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There are lots of zero entropy invariant probability measures, many more than just the obvious ones supported on periodic orbits. As you suggest in the question, one can understand the general case by just considering what happens for symbolic systems.

Explicit example: Let $\alpha$ be irrational and let $a_n$ denote the fractional part of $n\alpha$. Consider the sequence in $\Sigma_2 = \{0,1\}^\mathbb{Z}$ given by $x_n = 0$ if $0 \leq a_n < 1/2$, and $x_n=1$ if $1/2\leq a_n<1$. Let $X\subset \Sigma_2$ be the orbit closure of $x=(x_n)$; then there is an entropy-preserving isomorphism between the space of invariant measures for the shift map $\sigma\colon X\to X$ and for the irrational rotation $R_\alpha\colon S^1 \to S^1$. The latter preserves Lebesgue measure on the circle and is uniquely ergodic with zero entropy, so $X$ supports exactly one invariant probability measure $\mu$, which comes from Lebesgue and has zero entropy. Now $\mu$ is a shift-invariant probability measure on $\Sigma_2$ that has zero entropy but is not supported on a periodic orbit.

General result: In fact, the above construction is representative of a general phenomenon. The As RW points out in his answer, you can get lots of zero entropy measures on shift spaces by taking generating partitions for zero entropy transformations. You can even get more, using the Jewett-Krieger embedding theorem (see Petersen's "Ergodic Theory" or Denker, Grillenberger, and Sigmund's "Ergodic Theory on Compact Spaces") Spaces"), which lets you carry out find a closed shift-invariant subset of the shift space that procedure with any zero entropy has the desired measure preserving transformation (among other things)as its only shift-invariant probability measure. So there's a lot there.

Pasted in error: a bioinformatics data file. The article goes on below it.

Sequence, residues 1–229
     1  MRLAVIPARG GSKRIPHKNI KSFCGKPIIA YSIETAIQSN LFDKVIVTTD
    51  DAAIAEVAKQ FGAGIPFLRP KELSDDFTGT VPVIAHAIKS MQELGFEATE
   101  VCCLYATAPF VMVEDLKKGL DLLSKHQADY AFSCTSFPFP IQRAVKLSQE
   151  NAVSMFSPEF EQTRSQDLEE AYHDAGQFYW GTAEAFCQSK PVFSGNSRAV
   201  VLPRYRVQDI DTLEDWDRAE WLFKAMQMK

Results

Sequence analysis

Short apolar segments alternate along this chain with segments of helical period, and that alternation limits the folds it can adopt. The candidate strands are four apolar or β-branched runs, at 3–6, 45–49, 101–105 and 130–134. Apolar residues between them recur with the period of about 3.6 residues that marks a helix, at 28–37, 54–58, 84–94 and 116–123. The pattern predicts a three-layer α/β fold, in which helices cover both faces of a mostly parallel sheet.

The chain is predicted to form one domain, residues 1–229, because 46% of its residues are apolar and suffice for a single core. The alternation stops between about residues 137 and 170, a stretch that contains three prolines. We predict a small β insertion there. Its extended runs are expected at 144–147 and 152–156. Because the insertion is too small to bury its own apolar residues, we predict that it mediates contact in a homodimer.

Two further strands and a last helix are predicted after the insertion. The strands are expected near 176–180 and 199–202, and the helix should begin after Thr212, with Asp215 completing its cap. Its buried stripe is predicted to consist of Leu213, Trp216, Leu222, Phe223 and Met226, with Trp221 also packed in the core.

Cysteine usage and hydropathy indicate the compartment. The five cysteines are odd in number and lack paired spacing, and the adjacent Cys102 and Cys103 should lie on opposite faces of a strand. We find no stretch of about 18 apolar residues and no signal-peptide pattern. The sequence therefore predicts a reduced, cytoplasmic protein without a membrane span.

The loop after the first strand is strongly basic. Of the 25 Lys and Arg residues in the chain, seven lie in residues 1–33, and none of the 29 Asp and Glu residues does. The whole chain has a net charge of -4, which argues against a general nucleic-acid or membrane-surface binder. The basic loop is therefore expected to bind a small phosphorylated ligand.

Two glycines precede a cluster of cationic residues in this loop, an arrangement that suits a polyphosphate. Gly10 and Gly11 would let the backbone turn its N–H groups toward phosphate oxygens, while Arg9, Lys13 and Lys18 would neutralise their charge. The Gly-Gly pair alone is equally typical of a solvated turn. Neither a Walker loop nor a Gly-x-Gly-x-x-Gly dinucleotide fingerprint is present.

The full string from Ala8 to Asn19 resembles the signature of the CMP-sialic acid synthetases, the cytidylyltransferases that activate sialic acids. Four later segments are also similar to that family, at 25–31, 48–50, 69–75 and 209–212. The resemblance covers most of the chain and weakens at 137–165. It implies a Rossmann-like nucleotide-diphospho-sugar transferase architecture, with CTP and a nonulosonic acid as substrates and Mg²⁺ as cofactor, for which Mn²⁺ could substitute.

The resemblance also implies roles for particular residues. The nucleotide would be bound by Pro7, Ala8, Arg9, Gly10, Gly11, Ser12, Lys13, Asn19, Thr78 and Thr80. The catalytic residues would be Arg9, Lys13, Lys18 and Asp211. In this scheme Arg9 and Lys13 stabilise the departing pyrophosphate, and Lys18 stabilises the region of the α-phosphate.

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There are lots of zero entropy invariant probability measures, many more than just the obvious ones supported on periodic orbits. As you suggest in the question, one can understand the general case by just considering what happens for symbolic systems.

Explicit example: Let $\alpha$ be irrational and let $a_n$ denote the fractional part of $n\alpha$. Consider the sequence in $\Sigma_2 = \{0,1\}^\mathbb{Z}$ given by $x_n = 0$ if $0 \leq a_n < 1/2$, and $x_n=1$ if $1/2\leq a_n<1$. Let $X\subset \Sigma_2$ be the orbit closure of $x=(x_n)$; then there is an entropy-preserving isomorphism between the space of invariant measures for the shift map $\sigma\colon X\to X$ and for the irrational rotation $R_\alpha\colon S^1 \to S^1$. The latter preserves Lebesgue measure on the circle and is uniquely ergodic with zero entropy, so $X$ supports exactly one invariant probability measure $\mu$, which comes from Lebesgue and has zero entropy. Now $\mu$ is a shift-invariant probability measure on $\Sigma_2$ that has zero entropy but is not supported on a periodic orbit.

General result: In fact, the above construction is representative of a general phenomenon. The Jewett-Krieger embedding theorem (see Petersen's "Ergodic Theory" or Denker, Grillenberger, and Sigmund's "Ergodic Theory on Compact Spaces") lets you carry out that procedure with any zero entropy measure preserving transformation (among other things). So there's a lot there.